Thursday, April 13, 2006

Welcome to Finland?

The Autism Perspective is a magazine which intends to present treatments, perspectives, sevice options and personal stories without taking any sides. My favorite aspect to the magazine are the articles written by individuals with autism, and there are many. Two of the regular contributors are Donna Williams and Temple Grandin, who in the most recent addition talked about her life summarized what “helped make her successful” which were:

1. Mother’s great early education program
2. Talents were nurtured and developed
3. Mentors I had in high school
4. The right medications in my early 30’s. Not all people need medication.

In addition to this article by Dr. Grandin I enjoyed several others, but the one I found the most intriguing was written my a man with ASD named Stephen Shore, who travels worldwide, to consult and present at conferences about autism, all while observing and writing about the way different cultures seem to view and treat individuals with Autism. His latest article featured China, Finland and England. I must admit I know very little about Finland and it’s culture, but after reading about Stephen’s experiences there, I have taken more of an interest in the country…Here’s how he describes his experiences:

What I found most striking about the community was that people with autism were accepted and integrated into the fabric of life just like everyone else. For example, here in the United states, it is seen as a rare exception that someone like me, who was diagnosed on the autism spectrum at two-and-a-half, could be finishing a doctoral dissertation and having a successful career and marriage. In many other cultures, even these accomplishements are just not possible. However, in Finland, I met one person with Aspberger Syndrome who has started a doctoral degree, another who is a psychologist, as well as many others who lead fulfilling and productive lives. For the people of Finland, and for what I gather in Scandanavia in general, the idea of autism and Aspberger Syndrome preventing people from gainful employment and true inclusion in society is as ludicrous as the need for glasses eliminationg the choice of becoming a teacher in the United Sates.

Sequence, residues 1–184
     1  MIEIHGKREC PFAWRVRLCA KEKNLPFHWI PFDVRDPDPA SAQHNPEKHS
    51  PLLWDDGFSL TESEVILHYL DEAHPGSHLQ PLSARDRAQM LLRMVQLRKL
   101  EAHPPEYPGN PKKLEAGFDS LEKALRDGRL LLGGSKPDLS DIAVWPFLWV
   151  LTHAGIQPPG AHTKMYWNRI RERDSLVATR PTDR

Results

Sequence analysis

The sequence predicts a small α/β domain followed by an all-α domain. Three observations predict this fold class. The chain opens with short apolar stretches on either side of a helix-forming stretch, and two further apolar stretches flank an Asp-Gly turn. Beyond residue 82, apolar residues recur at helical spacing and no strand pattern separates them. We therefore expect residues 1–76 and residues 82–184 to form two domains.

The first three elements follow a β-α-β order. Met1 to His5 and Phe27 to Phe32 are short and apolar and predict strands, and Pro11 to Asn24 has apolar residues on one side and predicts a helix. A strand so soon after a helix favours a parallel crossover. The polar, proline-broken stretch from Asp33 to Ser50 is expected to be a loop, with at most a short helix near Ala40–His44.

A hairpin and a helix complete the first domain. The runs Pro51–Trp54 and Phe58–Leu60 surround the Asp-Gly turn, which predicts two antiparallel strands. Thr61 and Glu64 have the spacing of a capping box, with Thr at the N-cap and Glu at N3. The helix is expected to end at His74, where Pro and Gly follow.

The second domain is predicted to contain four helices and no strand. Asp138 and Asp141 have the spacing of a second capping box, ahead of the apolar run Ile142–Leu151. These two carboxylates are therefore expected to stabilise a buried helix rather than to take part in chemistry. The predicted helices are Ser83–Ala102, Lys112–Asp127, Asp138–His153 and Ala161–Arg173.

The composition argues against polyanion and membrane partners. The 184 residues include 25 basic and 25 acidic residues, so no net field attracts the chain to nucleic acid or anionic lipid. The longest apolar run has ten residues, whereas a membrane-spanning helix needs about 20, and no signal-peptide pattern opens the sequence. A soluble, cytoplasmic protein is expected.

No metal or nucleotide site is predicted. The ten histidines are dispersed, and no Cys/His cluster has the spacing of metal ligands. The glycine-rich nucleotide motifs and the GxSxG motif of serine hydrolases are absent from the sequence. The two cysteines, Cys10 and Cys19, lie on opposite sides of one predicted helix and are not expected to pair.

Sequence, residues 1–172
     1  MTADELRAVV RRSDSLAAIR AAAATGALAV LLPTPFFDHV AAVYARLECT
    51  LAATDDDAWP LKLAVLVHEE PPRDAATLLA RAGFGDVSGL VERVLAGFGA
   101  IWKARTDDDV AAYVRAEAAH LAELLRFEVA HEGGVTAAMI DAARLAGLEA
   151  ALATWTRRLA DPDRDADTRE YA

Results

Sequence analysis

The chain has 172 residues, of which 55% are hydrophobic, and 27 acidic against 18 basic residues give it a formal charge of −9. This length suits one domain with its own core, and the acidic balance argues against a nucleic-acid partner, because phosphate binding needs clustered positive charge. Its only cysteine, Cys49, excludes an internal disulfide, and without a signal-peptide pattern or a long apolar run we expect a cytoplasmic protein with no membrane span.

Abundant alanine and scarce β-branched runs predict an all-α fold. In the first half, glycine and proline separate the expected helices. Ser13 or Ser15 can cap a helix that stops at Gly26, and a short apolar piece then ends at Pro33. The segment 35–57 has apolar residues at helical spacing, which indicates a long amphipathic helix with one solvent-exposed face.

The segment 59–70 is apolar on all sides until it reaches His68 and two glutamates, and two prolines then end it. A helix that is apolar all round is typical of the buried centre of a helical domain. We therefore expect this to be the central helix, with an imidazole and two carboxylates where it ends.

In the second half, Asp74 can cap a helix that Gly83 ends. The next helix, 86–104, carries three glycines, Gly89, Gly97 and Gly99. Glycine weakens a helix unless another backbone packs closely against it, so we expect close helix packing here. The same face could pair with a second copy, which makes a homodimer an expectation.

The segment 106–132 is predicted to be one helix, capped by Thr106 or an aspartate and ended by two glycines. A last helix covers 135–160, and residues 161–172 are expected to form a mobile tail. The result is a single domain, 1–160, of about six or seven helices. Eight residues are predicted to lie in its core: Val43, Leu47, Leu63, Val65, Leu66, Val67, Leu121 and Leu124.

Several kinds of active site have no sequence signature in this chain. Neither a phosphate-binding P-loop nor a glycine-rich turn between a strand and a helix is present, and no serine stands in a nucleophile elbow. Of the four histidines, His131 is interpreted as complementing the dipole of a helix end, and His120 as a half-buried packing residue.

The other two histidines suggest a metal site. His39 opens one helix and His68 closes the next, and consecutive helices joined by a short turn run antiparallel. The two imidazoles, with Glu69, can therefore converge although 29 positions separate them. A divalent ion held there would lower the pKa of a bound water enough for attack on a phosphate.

And I wear glasses.

Finland huh? I never would have thought to look there.
But then, it seems the best things and places I find are the ones I’m not looking for.

6 Comments:

Blogger Kristina Chew said...

"the best things and places I find are the ones I’m not looking for": That is near to a truism for what I've experienced in journeying with Charlie in Autismland.

9:58 PM  
Blogger Bronwyn G said...

Me too Squaregirl.

That must be the Pukki-Andrews family.

They make a lot of impact in that small world.

And Finns are great readers too. That means they read about autism, if they have not met an autist first hand.

I guess all of Scandiavia is accepting. Eve Mandre of Sweden is a legendary professional whose work I really enjoy especially when she talks about integrating autistic people. Search for Free Freya to see what I mean.

2:37 AM  
Blogger SquareGirl said...

Kristina, I think it is amazing! The thing is that I know this, yet continue to be suprised when it happens...you'd think I'd have learned by now :) But the discovery is always so delightful!

Brownwyn, Thank you for aupplying that information. I will look up Free Freya. That is an interesting correlation between being good readers and understanding autism

9:32 AM  
Anonymous shawn said...

Stephen Shore spoke at a conference I attended a few years ago. There's two things from his presentation that I'll always remember. The first was when he gave a list of his 'areas of perseveration' (my words, I don't remember his). His list included typical topics, but somewhere in the list he included "autism". How's that for irony, perseverating on autism?

The second was describing his experience with music. He found out that percussion instruments were perfect for people with sensitivity to sound. When you play percussion, you stand in the back and no one is playing an instrument in your ear. Well sure, but I never would have thought of it! When my son with AS asked to take percussion, I signed him right up.

8:33 PM  
Blogger SquareGirl said...

Shawn, That is an interesting observation and one I don't think I would have thought of...percussion. I'll have to keep that in mind. And while it does seem ironic, I guess we shouldn't be suprised that "autism" might be a perseveration of anyone...it's a fascinating topic.

Thank you for sharing. I would be interested in hearing Stphen speak. I really enjoyed his article.

10:30 PM  
Anonymous Anonymous said...

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4:47 AM  

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